Ready Player One
What it's about:
It’s 2045 and the world is on the brink of chaos and collapse. The people have found salvation in the OASIS, an expansive virtual reality universe. When James Halliday, the creator of the OASIS dies, he releases a video in which he challenges all users to find his Easter egg, which will give the finder Halliday’s fortune. Unlikely young hero Wade Watts finds the first clue and starts a race for the egg, hurling himself into a breakneck, reality-bending treasure hunt through a fantastical universe of mystery, discovery, and danger.
What we thought:
For all the acclaim that Steven Spielberg gets for his “serious” films (Schindler's List, Lincoln), it is ultimately his peerless work with blockbusters and genre pictures that have most earned him his status as one of the very best living filmmakers. From Jaws to The BFG; Raiders of the Lost Ark to Minority Report, no one makes big-budget, (usually) fantastical films quite like Spielberg – though, many, of course, have tried. It's a pity, then, that his latest Huge Hollywood Blockbuster is the very definition of a mixed bag; one that, quite shockingly, almost gets away from him.
The film, which is based on the massively popular novel by Ernest Cline (who co-writes the screenplay with veteran - though hugely inconsistent - screenwriter, Zak Penn) is a very uneasy mix of characters that are both immediately likeable but are very broadly drawn (the cast is uniformly on point, though); a plot that is overly simple while also being refreshingly straightforward; a message that is both muddled and emotionally effective and an overall aesthetic that is both ugly in its overstuffed, CGI-mush (made ten times worse by the colour loss of 3D) and beautiful in its pure visual imagination.
It's a film that is clearly a love letter to pop culture of all stripes, varieties and eras; from '80s pop music (add to that John Williams' score and you have a film with a seriously killer soundtrack) to cult science fiction to vintage video game consoles. It undoubtedly says something, then, that by far the most effective sequence in the film takes place in a classic horror film, where the CGI is scaled back to a breathable level and the film's classic adventure-film spirit is at its most direct.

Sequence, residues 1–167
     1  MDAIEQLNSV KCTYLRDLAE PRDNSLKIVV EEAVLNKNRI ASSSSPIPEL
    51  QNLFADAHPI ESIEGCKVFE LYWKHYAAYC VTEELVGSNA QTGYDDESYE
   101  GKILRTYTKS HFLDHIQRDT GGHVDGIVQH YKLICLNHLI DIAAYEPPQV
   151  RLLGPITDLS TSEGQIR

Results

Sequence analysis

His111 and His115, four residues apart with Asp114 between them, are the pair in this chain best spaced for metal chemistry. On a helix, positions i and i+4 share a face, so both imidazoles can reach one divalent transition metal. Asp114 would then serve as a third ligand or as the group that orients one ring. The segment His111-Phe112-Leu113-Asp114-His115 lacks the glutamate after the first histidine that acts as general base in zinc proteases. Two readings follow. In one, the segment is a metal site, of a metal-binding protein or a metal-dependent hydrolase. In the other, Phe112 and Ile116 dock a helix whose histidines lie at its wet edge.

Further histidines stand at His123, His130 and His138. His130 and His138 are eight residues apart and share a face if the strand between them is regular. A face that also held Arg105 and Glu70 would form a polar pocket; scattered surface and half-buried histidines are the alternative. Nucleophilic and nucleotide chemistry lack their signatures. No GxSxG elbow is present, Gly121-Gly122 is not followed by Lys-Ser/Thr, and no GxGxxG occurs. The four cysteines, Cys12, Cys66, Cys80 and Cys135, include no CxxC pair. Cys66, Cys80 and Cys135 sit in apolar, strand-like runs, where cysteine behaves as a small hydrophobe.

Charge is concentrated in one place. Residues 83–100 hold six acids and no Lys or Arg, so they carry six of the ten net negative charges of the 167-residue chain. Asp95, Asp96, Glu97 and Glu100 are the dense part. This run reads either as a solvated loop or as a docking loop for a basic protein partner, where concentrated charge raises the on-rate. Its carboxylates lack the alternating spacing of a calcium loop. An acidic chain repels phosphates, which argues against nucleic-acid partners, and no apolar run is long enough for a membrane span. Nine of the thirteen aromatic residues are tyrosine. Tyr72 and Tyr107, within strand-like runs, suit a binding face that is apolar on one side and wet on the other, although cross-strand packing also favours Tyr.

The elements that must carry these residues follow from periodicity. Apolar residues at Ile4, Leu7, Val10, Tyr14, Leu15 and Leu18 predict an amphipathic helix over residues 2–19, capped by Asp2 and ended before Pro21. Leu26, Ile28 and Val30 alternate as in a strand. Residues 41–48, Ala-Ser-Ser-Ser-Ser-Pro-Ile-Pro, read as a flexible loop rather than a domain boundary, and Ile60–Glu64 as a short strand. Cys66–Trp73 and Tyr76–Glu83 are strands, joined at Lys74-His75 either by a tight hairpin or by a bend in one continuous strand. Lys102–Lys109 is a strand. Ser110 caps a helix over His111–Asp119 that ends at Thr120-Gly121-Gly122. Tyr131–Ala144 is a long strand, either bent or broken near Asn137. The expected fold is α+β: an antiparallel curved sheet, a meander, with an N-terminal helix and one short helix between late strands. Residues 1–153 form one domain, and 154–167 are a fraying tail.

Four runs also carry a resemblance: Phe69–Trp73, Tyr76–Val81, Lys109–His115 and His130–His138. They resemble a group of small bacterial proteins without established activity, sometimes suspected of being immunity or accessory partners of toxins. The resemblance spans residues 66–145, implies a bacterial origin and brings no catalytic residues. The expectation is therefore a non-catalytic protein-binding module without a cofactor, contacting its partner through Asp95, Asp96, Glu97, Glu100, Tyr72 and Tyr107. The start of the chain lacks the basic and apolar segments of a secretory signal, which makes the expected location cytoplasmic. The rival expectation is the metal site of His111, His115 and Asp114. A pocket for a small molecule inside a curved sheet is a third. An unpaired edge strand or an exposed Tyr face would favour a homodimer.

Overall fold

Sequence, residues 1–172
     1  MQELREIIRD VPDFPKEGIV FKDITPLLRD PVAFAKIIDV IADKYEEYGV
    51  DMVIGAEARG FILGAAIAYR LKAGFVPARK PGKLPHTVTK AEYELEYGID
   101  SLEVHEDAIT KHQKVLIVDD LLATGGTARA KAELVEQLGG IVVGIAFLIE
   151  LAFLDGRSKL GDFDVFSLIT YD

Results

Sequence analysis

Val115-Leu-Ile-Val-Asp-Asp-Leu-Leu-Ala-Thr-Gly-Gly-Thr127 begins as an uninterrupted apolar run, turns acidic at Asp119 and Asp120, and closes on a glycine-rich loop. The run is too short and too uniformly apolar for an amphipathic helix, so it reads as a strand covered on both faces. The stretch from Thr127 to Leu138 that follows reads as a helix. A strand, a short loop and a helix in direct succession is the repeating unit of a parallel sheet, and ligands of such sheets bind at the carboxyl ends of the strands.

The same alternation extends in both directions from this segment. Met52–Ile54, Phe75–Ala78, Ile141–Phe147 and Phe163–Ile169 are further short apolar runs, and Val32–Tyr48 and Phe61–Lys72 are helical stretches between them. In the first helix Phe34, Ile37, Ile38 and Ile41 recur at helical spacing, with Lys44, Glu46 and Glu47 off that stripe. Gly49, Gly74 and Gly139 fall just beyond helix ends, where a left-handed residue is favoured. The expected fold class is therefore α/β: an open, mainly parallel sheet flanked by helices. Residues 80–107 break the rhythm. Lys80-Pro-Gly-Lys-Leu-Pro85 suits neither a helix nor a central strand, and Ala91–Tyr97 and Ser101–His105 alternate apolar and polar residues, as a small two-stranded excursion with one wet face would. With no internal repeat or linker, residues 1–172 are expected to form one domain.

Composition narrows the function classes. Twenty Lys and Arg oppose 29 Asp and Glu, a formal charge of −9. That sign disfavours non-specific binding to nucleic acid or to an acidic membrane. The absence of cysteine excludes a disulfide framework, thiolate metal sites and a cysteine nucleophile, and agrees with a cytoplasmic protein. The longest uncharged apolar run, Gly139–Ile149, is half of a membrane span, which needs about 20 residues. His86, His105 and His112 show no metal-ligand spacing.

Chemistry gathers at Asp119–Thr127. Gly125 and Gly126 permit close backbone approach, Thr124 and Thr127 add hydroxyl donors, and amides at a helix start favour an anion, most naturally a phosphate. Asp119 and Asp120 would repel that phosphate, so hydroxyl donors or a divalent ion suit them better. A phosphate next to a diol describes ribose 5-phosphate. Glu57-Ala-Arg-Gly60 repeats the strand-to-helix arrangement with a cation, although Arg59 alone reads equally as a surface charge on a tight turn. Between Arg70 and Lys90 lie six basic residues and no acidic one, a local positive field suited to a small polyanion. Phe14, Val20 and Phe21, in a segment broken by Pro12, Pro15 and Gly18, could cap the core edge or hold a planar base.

The virtual reality of the Oasis in general, however, may be stuffed with really fun Easter eggs for nerds and geeks of all ages and it may have moments of genuinely terrific visual invention and kinetic-but-easy-to-follow action set pieces but between the fact that the players aren't in any real danger in this fundamentally fake world and that the whole thing just looks like a video game (of the MMORPG sort, to be specific), it's hard to ever get terribly involved with what's going on. It's a film with a beating heart at its centre but that heart is too often obscured by level after level of very obvious artifice.
Fortunately, both Spielberg and his screenwriters do understand this so they are very careful to ensure that there is enough real stakes in the “real world” of the film, where our loveable (but, again, less three-dimensional than the sprites in the Oasis) heroes have their actual lives threatened by Evil Corporation, IOI, and its wonderfully, cartoonish Evil Big Boss (played with relish by the great Ben Mendelshon), to give the film some actual heft. The cutting between the real world and the Oasis in the later parts of the film, in particular, are far more effective than it has any right to be – and says plenty about just how great Spielberg is that he can make any of this stuff work at all.
And make no mistake: This is C-level Spielberg. As someone who almost always relies on others to write his movies, Spielberg is, if not only as good as his script, often encumbered by scripts that aren't as good as he is. He is good enough to elevate sub-par writing, to be sure, but even he has limits – and a story about a world that is several layers removed from recognisable reality with a script as muddled as it so clearly is here (I haven't read it but the novel has a reputation for being a fun page-turner but one that is quite badly written), is too much for even the Master to fully transcend. Not that Spielberg is entirely blameless here, of course, as he is responsible for the vision of the piece but, frankly, considering the film's central conceit, it's hard to imagine anyone else doing a better job. Ready Player One, as directed by Michael Bay or Zack Snyder... I shudder to think...
Really, this is far from his best, but any film with even just a bit of that Steven Spielberg magic is well worth seeing – though do be sure to do so in glorious, unencumbered 2D. 3D is normally a colossal waste of time but it's genuinely disastrous here.